Apple to update iPhone software after threat of China ban

Apple to update iPhone software after threat of China ban

IT

Apple will start rolling out these updates starting next week, which would most likely address 'possible concern about their compliance with the court order.' These updates will further address the minor functionality of the two patents issued by Qualcomm in the court. In China, Qualcomm has accused Apple that their old iPhones use some software animations or features which infringe on their patents. However, Apple's newest models, the iPhone XS and XR, were not covered by the ban because they had not yet been introduced when Qualcomm filed its lawsuit late a year ago. At the same time, Apple filed a request for reconsideration with the court which invoked the preliminary injunction.

"Based on the iPhone models we offer today in China, we believe we are in compliance", Apple said in a messaged statement.

In detail, a Chinese court has ordered Apple to ban sales of some Apple iPhones which are violating the two Qualcomm patents.

The ruling from a local court - which came as Washington and Beijing are locked in sensitive trade negotiations - pivoted the battle over patent fees to the world's largest mobile arena. Qualcomm was once a key Apple supplier, providing baseband modems and more for iPhones and other devices. In a filing obtained by Bloomberg, Apple argues that a Chinese ban will force it to settle its bruising battle with Qualcomm - an outcome that may harm the country's smartphone industry by hiking licensing fees. As a result, Kuo anticipates that Apple during the first quarter of 2019 will sell anywhere from 38 to 42 million iPhones, a steep decline from his initial projection of 47-52 million units.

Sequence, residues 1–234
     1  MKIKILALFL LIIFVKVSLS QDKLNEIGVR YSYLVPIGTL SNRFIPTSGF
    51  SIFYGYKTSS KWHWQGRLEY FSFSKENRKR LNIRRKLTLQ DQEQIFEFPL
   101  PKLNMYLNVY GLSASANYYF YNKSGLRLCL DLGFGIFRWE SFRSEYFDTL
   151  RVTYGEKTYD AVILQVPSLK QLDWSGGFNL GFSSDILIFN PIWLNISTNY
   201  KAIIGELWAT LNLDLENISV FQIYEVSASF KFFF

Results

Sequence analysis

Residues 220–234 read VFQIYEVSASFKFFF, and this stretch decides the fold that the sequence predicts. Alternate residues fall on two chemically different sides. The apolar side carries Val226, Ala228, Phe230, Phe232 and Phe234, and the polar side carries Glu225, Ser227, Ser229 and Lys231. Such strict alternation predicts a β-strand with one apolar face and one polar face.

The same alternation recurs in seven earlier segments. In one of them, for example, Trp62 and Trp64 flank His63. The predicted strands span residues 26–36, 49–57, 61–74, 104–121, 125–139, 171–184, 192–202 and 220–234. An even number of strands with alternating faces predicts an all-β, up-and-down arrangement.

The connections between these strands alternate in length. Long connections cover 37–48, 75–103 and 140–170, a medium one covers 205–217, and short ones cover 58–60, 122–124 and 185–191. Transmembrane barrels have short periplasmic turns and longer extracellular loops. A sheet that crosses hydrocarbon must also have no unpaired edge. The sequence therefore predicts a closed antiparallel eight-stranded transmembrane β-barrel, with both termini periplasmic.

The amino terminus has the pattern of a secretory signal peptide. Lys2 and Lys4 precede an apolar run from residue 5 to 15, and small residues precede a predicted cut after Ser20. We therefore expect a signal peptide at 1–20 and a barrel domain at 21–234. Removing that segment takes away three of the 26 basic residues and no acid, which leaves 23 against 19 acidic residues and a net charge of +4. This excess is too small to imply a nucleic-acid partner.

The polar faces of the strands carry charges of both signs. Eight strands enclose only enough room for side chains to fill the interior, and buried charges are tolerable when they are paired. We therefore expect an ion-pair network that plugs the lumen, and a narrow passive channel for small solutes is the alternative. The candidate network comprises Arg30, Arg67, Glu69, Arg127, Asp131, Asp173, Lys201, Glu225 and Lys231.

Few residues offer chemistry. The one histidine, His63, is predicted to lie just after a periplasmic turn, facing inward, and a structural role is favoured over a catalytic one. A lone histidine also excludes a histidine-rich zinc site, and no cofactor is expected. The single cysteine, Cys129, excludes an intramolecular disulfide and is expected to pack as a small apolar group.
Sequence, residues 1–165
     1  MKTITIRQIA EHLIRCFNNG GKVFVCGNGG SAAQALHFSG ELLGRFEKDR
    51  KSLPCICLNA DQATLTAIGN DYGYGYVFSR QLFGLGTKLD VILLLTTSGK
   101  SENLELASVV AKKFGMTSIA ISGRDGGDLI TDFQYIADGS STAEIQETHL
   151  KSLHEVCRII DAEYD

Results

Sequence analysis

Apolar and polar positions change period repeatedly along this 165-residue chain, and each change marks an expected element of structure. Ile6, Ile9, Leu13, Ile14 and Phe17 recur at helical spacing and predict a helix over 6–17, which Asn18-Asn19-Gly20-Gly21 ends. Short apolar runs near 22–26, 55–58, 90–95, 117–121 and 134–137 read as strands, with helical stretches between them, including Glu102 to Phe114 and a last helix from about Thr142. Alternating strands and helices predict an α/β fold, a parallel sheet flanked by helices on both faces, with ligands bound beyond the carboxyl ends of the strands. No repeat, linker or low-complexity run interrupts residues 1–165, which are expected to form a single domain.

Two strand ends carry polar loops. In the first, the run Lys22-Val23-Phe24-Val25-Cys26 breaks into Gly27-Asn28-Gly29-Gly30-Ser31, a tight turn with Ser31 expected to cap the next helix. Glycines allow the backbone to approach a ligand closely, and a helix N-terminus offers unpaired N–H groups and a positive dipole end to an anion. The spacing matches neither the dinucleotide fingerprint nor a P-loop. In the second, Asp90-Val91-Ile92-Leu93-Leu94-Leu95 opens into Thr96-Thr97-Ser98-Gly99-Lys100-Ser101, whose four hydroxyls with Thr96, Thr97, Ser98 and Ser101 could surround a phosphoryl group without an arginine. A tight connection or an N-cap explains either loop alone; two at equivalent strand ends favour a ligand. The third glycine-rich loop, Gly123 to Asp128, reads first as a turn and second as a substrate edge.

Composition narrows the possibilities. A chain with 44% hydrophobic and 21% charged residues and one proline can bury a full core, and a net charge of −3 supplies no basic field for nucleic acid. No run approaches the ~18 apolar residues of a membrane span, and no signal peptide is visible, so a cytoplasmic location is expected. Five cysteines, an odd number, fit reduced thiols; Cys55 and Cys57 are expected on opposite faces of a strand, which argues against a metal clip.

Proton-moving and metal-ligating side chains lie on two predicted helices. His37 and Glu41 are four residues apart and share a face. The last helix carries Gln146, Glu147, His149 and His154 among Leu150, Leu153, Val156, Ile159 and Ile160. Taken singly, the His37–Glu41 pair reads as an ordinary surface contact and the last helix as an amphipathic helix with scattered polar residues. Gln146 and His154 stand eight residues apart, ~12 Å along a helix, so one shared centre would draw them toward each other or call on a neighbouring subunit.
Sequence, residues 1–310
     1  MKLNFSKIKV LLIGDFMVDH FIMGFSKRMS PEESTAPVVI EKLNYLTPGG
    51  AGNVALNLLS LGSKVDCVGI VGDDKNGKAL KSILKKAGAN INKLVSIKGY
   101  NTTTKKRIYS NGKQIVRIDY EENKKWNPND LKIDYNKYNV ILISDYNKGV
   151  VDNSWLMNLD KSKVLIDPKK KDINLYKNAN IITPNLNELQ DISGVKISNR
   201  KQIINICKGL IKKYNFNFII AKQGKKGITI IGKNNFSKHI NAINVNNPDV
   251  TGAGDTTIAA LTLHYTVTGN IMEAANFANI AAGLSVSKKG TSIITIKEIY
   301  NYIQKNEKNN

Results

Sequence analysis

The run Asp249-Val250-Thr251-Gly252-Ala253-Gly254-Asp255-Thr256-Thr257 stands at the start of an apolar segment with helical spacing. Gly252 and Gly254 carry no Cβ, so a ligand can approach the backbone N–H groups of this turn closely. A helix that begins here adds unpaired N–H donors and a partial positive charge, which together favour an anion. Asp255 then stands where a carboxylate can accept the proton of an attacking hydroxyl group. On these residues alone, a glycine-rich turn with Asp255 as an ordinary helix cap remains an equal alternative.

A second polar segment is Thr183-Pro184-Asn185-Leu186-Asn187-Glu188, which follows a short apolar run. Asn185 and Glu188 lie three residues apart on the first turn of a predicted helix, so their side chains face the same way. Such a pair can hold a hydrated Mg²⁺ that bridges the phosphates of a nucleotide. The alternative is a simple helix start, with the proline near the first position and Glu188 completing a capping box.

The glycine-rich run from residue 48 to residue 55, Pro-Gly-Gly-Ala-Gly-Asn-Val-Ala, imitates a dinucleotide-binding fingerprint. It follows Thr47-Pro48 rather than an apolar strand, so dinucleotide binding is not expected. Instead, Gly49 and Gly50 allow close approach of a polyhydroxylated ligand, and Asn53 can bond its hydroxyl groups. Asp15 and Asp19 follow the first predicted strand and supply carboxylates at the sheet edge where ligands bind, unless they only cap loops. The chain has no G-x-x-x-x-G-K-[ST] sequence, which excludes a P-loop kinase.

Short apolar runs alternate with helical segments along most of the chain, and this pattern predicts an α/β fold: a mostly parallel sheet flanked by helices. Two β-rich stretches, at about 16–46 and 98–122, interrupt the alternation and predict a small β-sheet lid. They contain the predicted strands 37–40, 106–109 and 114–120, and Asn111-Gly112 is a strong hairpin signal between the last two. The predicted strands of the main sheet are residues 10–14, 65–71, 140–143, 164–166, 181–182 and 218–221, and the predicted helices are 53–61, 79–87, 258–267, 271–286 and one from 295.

Apple admitted that if it can not avoid the Chinese sales ban, it will be forced to settle with Qualcomm.

Well, whatever the thing is, the new order from the court has the potential to disrupt Apple's business in China.

Chip giant Qualcomm hopes to extend the range of iPhones banned in China, the Financial Times reported Thursday, December 13.

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  • Terrell Bush